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                “They are to stand every morning to thank and to praise the LORD,                         and likewise at evening . . . ”   (1 Chronicles 23:30)

A friend of mine was sharing an experience she had during a visit with her daughter and son-in-law. While she was there, her young grandson had a friend over to their home. When the grandmother (my friend) walked into the room where they were engaged in activity – the boy promptly stood up, held out his hand, and introduced himself. She related that she couldn’t have been more impressed with the manners this child demonstrated at such a young age. It seems like it should be simple enough to know when it’s polite for us to stand as we greet or say goodbye to someone. Although it was once an instinctive act, changing social norms and rapidly disintegrating signs of respect can often times keep one guessing. Standing when someone comes into your circle sends a signal that you are eager to receive the other person. It demonstrates in a non-verbal way that you’ve noticed them, and they are worth your effort to rise from a place of comfort to welcome them.

On occasion, failure to stand has become politicized at public events during patriotic ceremonies. In an attempt to show discord with leadership or express unrest with how someone may have been treated, those who possess some degree of fame or notoriety have at times chosen to display their discontent.  In the United States, it has been tradition to stand for the presentation of the National Anthem.  The Anthem symbolizes a unification of the citizenry around the values of the flag, the country’s freedoms, and those who gave their life so that others might continue to benefit from those liberties. It is a rather basic sign of respect, and it has nothing to do with persons in power or their political positions which may in fact differ from one’s own. There is an irony in this type of demonstration by those who have gained much and profited from the nation’s resources. It is not unlike those who disregard standing in recognition of the very God who has created and provides for them.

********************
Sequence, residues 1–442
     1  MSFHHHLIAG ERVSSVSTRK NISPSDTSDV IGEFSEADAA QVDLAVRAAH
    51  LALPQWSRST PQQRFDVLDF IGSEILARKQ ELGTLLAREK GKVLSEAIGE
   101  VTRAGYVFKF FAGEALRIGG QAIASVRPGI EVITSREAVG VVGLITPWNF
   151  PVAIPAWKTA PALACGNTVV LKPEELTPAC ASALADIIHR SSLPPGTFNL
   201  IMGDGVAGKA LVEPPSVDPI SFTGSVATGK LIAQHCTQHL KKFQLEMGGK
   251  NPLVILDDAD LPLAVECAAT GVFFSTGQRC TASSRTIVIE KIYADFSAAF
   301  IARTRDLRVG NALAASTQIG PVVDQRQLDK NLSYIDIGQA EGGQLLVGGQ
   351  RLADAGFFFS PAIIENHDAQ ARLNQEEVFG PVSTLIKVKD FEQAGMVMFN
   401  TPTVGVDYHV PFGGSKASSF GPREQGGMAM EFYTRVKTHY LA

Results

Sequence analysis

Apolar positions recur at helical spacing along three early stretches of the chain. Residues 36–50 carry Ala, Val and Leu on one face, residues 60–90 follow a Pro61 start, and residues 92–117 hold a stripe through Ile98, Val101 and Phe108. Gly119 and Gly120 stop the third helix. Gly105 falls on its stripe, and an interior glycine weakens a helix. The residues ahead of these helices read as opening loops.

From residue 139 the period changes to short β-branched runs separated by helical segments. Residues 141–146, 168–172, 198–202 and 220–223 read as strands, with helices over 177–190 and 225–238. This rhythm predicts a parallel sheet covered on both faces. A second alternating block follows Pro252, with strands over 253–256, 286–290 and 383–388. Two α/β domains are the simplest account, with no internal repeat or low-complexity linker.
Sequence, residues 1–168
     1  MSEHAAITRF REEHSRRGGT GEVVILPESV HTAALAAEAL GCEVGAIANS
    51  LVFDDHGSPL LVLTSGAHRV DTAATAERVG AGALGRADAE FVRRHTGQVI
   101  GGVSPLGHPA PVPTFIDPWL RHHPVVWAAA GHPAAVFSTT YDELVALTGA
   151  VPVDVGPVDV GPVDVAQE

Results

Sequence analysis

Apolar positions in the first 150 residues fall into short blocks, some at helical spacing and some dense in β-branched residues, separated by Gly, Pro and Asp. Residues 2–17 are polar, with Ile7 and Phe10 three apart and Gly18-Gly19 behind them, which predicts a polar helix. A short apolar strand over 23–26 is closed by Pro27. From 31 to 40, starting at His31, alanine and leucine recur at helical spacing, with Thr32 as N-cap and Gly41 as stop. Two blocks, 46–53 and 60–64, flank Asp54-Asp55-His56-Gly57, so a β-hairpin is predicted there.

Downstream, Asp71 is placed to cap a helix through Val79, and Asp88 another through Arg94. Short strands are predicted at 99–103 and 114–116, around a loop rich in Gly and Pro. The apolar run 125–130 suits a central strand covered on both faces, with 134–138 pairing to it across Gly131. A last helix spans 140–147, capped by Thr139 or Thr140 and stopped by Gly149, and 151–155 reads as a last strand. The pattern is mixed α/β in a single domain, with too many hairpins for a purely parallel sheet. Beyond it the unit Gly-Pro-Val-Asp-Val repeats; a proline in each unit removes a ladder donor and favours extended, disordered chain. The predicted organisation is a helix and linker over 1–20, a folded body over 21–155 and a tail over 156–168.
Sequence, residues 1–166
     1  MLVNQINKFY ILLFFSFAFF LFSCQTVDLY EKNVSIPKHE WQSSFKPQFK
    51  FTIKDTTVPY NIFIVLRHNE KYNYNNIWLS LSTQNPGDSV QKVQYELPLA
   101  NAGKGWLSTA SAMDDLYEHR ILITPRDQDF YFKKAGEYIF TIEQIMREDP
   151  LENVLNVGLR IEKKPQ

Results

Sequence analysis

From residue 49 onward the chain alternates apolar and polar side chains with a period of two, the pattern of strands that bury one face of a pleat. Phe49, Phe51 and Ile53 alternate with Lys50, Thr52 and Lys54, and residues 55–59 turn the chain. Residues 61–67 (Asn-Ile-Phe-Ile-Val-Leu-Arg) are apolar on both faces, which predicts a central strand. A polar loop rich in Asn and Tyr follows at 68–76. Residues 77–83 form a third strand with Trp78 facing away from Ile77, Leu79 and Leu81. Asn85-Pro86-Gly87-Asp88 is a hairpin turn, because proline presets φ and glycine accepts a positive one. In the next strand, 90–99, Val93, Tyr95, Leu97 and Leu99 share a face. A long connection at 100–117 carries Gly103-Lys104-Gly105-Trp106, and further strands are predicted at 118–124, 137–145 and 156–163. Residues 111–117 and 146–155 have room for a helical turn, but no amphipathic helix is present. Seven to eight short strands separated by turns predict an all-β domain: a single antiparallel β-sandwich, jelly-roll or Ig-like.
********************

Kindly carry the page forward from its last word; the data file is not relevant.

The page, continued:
The concept of standing is an inherent part of the Christian tradition as well.  In the very first book of The Bible, we read, “Now Abraham arose early in the morning and went to the place where he had stood before the LORD” (Genesis 19:27). When the Lord spoke to Moses, He said – “Behold, there is a place by Me, and you shall stand there on the rock” (Exodus 33:21). When the prophet Ezekiel received his call, God said, “Son of man, stand on your feet, and I will speak with you” (Ezekiel 2:1). On a visit to Solomon from the Queen of Sheba, she spoke these words: “How blessed are your men, how blessed are these your servants who stand before you continually and hear your wisdom” (1 Kings 10:8).  In fact, when Jesus was brought before Pilate in His final hours, He also stood (Matthew 27:11). Additionally, the songs of the church make frequent references to standing. They include the more traditional hymns “Standing on the Promises” and Stand Up, Stand Up for Jesus” as well as the contemporary chorus, “We Are Standing on Holy Ground.”

While nowhere in scripture are we commanded to specifically pay tribute to a patriotic song or salute a national flag, the Bible is clear that we should submit ourselves “for the Lord’s sake to every human authority . . .  who are sent by him to punish those who do wrong and to commend those who do right” (1 Peter 2:13-14). To refuse to participate in showing respect for the nation appears arrogant, disrespectful to its heritage, and contrary to God’s teaching. While it may succeed in stirring up controversy, it quite often calls attention to individual persons rather than a cause. The Bible says a house divided against itself cannot stand (Mark 3:25). When we all stand, it’s a reminder that we are still ‘one nation under God.’ In the last stanza of The Star-Spangled Banner, Frances Scott Key penned these words – Oh! thus be it ever, when freemen shall stand.” The Lord wants us all to take a stand for Him in this intimidating world. It’s much easier to do that when we remain free in order to make that stand.

REFLECTION: How do we know when to take a bold stand and when to be more tactful and polite? What are some Christlike ways to express concerns and motivate change which focus attention on the issue rather than the individual?  Are there ways God might bless a legitimate place for compromise?


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